There are two different categories of tax credits for businesses in Canada, refundable and non-refundable tax credits.
Non-refundable tax credits are what often come to mind when people think of tax credits. These are, in the truest sense of the term, “credits” that can only be used to pay a tax balance owing to the government. If a business is profitable and generates a tax balance owing, non-refundable credits are of great value because they can be redeemed against that balance. If, however, a business is not profitable and does not incur a tax balance owing, non-refundable tax credits can not be redeemed. An important point to note is that non-refundable tax credits are not valueless if they can not be redeemed right away. These credits can accumulate and allow businesses to build a reserve of them such that once the business does become profitable at some point in the future, non-refundable credits earned in the past may be redeemed. However, if a start-up is projecting losses for 5-10 years before generating a profit, the business may not survive long enough to reap the future rewards of non-refundable tax credits.
Refundable tax credits fix this problem and are the best kind of tax credit. In fact, labelling refundable tax credits as tax credits is seemingly a misnomer as they do NOT need to be redeemed against a tax balance. When a business receives refundable tax credits, they will first be used to pay down any outstanding tax that the business owes. The remainder of the credits will be REFUNDED to the business as cash with no strings attached in the form of a cheque or direct deposit directly from the Canada Revenue Agency (CRA). Therefore, a better way to think of refundable tax credits is an unconditional grant from the government rather than a tax credit.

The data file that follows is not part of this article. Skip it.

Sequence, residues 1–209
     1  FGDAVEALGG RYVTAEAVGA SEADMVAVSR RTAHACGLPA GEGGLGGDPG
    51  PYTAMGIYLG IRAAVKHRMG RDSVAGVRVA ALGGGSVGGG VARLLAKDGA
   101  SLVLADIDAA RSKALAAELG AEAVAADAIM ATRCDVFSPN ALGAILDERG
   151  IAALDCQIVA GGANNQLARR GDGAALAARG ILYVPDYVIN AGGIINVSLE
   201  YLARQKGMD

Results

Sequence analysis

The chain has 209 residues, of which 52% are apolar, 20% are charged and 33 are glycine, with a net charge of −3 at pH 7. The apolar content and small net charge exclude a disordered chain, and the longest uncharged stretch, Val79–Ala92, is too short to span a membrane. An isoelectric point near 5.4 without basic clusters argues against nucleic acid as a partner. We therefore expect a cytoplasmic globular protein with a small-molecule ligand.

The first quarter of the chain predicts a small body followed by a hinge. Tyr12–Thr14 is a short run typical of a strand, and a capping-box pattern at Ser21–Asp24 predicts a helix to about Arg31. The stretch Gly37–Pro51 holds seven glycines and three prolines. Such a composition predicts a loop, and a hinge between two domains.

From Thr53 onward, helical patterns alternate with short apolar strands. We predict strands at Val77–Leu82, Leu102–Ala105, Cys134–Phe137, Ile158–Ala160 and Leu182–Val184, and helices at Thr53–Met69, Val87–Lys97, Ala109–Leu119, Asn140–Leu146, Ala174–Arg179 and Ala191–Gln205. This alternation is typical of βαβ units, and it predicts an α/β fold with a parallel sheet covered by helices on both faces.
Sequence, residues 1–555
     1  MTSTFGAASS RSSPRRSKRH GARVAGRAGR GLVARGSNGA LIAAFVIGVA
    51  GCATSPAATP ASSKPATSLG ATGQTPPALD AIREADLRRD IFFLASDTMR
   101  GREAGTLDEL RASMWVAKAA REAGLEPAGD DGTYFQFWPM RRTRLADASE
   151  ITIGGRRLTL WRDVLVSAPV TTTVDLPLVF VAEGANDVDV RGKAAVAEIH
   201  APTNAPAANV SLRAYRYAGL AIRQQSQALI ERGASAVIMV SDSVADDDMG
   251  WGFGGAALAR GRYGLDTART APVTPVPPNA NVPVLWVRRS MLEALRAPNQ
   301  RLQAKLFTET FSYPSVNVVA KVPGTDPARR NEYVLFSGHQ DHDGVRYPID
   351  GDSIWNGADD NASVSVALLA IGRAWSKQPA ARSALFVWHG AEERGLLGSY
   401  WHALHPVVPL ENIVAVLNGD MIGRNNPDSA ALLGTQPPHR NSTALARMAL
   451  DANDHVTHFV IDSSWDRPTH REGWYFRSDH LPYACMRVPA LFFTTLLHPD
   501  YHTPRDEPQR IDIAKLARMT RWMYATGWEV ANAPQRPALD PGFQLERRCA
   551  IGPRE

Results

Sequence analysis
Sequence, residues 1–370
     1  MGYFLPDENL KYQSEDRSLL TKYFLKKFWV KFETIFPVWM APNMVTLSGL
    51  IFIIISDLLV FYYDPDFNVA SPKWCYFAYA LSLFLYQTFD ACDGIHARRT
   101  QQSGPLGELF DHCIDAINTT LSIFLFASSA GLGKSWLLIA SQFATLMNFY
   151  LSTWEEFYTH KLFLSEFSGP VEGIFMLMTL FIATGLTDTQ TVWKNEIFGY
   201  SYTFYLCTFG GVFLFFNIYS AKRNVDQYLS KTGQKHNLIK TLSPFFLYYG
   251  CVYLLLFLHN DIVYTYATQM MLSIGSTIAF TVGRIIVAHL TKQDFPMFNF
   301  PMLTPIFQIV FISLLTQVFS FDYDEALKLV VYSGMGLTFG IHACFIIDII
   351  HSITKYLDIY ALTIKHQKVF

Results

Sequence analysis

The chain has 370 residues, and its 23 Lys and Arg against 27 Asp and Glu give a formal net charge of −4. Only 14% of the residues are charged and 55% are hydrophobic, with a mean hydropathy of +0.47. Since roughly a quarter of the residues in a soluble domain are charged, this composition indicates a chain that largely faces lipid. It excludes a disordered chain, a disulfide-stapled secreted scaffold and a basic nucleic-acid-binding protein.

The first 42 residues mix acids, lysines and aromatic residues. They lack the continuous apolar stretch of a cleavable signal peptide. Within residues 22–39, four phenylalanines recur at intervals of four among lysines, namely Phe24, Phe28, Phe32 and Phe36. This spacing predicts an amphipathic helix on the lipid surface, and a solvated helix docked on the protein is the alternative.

The largest tax credit program in Canada is the Scientific Research and Experimental Development Tax Credit (SR&ED or SRED, often pronounced SHRED). SRED incentivizes companies to conduct R&D work in Canada by subsidizing the employee, contractor, and materials costs that a business incurs when doing qualifying work.
The label of SRED as an R&D program is unduly intimidating to many businesses who do not think of the work they are doing as “research and development.” You don’t need to be in aerospace or employ scientists, engineers, or lab workers in white coats to qualify for this lucrative program. Regular companies performing innovative work in manufacturing, IT, engineering start-ups and agriculture may qualify. A good rule of thumb is that if any of your staff are engaged in solving a technological problem for which a solution is not readily available, there is a good chance that the work that they are doing is eligible for SRED credits.
For private companies in Canada, SRED is a REFUNDABLE type of tax credit that every business can turn into cash. For public companies, however, SRED is a NON-REFUNDABLE type of tax credit and requires businesses to have a tax balance owing to turn the credits into cash.
SRED is awarded in arrears. This means that a business makes an SRED claim after its fiscal year has concluded, and all eligible expenditures have been incurred.
The process of claiming SRED refundable tax credits for private companies in Canada is as follows:
The CRA can NOT pay out an SRED claim and then subsequently audit and deny the claim, so business owners can feel free to spend the spend their SRED money as they see fit and not need to worry about keeping a reserve in case it gets taken away.
G6 Consulting Inc is an SRED consulting firm with a 14-year track record of excellence solely focused on helping companies access the SR&ED Tax Credit Program. G6 is a full-service SR&ED consulting firm. We prepare your claim, complete all the paperwork, submit your claim, and handle all post-submission administrative duties until your claim is approved, paid, and finalized. We only get paid after your claim is fully approved and paid out to you.